“Everything I understand, I understand only because I love.”
“To love is to receive a glimpse of heaven.”
In every single city and town in Italy, you will find a street named “Via Dante”.
At first it seems puzzling. Dante Alighieri (1265-1321) was not a king or ruler of any kind. He didn’t fight in any major battles, and he was a miserable failure at politics (he even got kicked out of his beloved Florence for it). Dante was nothing more nor less than a writer.
But Dante is arguably the most famous man Italy has produced (and the one Italians are most proud to call their own). He is often called by us English speakers the “Italian Shakespeare”, but as a writer and poet, Dante has no equal and no parallel.
By far his most famous and enduring work is his Divine Comedy (La Divina Commedia), a work made up of three parts chronicling Dante’s mystical tour of Hell (Inferno), Purgatory (Purgatorio), and ultimately – Heaven (Paradiso).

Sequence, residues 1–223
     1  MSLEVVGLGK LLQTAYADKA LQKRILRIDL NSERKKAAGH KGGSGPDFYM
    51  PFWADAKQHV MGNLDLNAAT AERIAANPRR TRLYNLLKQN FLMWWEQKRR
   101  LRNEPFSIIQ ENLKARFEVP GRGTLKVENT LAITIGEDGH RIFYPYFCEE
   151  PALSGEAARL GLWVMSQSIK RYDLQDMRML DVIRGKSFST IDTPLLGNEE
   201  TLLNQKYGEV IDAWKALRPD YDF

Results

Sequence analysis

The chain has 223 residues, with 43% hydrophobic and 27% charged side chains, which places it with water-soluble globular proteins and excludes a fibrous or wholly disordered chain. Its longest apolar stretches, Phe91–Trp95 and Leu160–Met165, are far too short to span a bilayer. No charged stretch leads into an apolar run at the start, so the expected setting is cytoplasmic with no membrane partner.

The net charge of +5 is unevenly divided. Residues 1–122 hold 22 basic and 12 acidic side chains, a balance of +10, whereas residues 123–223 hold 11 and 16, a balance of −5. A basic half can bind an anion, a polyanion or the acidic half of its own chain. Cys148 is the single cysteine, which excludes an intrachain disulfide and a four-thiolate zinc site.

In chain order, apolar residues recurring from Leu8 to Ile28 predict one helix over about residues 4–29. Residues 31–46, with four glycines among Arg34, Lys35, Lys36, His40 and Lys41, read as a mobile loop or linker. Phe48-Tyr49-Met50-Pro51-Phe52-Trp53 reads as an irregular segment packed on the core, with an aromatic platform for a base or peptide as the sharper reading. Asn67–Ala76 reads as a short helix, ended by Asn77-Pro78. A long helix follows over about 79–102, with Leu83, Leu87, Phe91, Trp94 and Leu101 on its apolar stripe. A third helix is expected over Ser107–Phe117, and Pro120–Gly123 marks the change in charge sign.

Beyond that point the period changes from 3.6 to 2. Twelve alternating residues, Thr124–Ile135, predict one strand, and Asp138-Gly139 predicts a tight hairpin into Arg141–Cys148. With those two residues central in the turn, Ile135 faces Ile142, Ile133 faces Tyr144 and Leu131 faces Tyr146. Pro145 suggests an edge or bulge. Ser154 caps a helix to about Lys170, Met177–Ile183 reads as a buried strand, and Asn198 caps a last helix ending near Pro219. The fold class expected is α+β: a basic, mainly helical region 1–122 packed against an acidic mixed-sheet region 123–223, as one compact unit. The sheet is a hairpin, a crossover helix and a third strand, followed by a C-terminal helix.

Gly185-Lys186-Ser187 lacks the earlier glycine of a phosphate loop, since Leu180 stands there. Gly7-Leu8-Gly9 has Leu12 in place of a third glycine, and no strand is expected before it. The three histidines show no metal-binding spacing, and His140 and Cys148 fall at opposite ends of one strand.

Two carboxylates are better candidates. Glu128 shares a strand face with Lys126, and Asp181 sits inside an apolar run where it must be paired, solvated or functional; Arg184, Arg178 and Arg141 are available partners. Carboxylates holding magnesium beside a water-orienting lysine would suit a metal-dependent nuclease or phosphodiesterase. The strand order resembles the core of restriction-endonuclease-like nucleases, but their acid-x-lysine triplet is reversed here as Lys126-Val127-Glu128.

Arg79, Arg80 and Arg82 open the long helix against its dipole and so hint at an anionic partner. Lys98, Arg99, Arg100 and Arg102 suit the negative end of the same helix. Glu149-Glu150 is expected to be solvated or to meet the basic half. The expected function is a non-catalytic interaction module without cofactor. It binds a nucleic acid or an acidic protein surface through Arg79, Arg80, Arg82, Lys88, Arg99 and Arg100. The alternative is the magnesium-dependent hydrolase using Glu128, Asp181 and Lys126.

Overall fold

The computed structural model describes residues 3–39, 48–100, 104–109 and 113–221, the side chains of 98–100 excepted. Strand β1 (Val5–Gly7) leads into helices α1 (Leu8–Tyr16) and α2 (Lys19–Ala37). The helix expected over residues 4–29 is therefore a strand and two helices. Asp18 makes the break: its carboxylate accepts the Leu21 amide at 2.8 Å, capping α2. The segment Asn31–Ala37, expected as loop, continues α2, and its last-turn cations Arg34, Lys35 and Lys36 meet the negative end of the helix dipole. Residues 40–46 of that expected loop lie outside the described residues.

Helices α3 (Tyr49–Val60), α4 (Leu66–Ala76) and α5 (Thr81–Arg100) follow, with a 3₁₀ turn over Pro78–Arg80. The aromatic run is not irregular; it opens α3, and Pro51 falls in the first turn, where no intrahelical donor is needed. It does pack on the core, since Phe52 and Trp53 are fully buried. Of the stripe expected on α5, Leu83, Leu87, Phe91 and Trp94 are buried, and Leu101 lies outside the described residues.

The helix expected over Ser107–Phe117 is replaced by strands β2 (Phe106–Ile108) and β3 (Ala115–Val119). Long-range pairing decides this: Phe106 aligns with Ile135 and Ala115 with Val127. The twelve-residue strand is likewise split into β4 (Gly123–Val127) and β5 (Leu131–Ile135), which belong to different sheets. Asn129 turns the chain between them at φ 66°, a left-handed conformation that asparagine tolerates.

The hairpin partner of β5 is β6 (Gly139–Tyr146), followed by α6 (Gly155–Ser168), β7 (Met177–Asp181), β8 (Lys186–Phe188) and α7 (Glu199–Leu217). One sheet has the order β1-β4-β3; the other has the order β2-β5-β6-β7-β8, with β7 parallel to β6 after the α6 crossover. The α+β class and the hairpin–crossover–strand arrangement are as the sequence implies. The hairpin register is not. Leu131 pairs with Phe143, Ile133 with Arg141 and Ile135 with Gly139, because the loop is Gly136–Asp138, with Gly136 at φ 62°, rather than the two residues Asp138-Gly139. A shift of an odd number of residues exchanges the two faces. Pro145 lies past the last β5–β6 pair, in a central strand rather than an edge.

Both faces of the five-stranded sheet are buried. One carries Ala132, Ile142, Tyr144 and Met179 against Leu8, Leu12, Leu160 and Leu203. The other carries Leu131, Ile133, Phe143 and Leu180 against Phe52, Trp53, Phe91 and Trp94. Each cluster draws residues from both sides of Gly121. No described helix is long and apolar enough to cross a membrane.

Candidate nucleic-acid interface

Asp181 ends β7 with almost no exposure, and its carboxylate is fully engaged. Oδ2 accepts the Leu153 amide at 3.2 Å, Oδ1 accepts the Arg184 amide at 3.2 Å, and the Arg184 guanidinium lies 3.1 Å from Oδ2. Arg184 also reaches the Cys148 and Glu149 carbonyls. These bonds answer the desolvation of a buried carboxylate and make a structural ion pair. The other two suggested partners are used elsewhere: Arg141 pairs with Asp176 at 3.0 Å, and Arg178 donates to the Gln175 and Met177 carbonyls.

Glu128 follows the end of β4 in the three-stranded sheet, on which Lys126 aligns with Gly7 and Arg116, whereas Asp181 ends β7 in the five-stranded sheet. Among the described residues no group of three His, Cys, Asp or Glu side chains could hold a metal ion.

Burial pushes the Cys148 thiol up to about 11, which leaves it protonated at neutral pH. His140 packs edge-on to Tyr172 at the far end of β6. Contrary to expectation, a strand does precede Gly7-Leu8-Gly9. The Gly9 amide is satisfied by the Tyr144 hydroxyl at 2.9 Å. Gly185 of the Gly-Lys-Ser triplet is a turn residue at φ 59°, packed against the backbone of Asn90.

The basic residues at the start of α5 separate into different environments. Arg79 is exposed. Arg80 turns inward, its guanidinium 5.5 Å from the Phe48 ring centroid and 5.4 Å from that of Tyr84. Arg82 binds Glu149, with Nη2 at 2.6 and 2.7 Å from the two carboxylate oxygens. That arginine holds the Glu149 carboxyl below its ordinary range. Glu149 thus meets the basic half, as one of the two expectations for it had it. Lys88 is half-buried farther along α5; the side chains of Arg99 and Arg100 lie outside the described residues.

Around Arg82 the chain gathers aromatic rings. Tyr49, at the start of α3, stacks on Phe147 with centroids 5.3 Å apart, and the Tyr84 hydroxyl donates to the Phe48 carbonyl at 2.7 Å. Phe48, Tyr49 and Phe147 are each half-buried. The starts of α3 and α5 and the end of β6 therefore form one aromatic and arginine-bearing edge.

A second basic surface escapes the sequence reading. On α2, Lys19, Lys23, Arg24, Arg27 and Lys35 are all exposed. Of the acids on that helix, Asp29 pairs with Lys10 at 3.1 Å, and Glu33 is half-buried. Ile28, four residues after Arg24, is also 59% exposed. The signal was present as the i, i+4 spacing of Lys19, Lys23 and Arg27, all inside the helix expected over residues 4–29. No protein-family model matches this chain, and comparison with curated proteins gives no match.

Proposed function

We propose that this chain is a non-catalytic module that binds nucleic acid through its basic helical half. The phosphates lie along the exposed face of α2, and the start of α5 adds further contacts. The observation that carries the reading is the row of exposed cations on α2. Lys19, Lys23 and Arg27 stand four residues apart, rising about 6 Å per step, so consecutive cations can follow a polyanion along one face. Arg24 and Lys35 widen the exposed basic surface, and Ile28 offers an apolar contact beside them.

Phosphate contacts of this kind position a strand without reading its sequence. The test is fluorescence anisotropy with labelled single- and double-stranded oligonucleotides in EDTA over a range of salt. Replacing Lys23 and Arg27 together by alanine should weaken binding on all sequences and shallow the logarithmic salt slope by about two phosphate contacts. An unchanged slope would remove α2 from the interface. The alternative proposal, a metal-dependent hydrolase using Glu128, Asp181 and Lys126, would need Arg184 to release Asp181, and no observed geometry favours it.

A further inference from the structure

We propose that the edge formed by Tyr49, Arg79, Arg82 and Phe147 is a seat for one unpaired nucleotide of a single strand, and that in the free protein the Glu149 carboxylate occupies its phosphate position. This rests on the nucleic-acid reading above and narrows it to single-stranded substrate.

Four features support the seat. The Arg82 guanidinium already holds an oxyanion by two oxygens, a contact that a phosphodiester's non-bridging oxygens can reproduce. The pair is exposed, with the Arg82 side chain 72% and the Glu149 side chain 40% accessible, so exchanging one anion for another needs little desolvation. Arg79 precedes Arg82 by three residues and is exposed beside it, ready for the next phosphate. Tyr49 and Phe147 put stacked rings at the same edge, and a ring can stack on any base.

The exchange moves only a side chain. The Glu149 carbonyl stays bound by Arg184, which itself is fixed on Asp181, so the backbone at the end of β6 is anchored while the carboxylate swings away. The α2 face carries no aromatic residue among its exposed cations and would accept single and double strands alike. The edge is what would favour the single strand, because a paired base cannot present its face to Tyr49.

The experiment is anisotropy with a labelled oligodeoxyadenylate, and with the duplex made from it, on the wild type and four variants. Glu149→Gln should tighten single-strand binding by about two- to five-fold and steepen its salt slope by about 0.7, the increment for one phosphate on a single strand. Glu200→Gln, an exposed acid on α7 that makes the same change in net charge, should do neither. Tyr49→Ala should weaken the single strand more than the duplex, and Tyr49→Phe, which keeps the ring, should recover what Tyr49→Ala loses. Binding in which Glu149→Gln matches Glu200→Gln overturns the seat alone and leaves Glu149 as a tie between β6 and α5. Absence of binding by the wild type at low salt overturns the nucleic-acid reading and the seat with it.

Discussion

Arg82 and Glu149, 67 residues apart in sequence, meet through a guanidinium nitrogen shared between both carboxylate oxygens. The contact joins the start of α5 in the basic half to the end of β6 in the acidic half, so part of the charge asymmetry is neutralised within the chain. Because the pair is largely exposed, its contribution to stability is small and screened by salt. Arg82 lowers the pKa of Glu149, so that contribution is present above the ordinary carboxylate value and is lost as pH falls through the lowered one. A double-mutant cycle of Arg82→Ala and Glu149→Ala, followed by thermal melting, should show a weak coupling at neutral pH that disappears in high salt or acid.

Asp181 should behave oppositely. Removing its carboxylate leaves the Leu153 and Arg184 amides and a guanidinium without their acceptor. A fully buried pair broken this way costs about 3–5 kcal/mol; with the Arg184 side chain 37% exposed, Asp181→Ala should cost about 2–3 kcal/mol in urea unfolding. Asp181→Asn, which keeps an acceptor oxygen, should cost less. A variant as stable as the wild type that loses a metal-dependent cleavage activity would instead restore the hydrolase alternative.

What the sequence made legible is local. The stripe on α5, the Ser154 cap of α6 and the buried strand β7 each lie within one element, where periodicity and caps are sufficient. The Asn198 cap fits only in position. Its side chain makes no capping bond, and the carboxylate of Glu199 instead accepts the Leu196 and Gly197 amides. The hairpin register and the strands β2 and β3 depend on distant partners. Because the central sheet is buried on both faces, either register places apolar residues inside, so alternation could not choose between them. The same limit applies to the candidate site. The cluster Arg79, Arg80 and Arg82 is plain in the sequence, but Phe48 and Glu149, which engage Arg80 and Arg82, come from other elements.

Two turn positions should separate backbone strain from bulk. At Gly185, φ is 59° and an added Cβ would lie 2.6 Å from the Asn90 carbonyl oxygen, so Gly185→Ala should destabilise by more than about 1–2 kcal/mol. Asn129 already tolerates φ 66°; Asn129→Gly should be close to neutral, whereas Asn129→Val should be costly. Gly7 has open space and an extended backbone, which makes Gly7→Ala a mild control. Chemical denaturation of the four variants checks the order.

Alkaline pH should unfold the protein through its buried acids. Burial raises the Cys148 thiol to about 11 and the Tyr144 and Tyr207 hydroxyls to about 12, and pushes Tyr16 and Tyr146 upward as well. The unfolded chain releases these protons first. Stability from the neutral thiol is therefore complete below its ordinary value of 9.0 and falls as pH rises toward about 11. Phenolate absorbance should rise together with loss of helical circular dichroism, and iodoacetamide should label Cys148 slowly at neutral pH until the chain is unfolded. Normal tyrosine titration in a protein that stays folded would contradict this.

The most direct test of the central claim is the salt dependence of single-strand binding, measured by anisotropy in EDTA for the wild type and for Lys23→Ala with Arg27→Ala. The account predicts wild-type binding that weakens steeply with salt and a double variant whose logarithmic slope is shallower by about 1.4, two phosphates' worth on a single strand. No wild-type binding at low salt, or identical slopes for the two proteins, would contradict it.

There are many reasons why his magnum opus is considered great – it was written in Tuscan Italian instead of latin (the common literary language), which laid the foundations for modern Italian. It’s a grand collection and embellishment of all the Catholic Church’s teachings concerning the afterlife. It’s the Who’s-Who of the medieval world, with Dante placing all VIPs, friends, enemies, courtiers, nobles, and even men of the church where he saw fit (spoiler: most end up in hell). It was an instant bestseller when it was published, and rocked Europe with its originality.
But what would push Dante to write such a work?
It was the love of a woman. Continue reading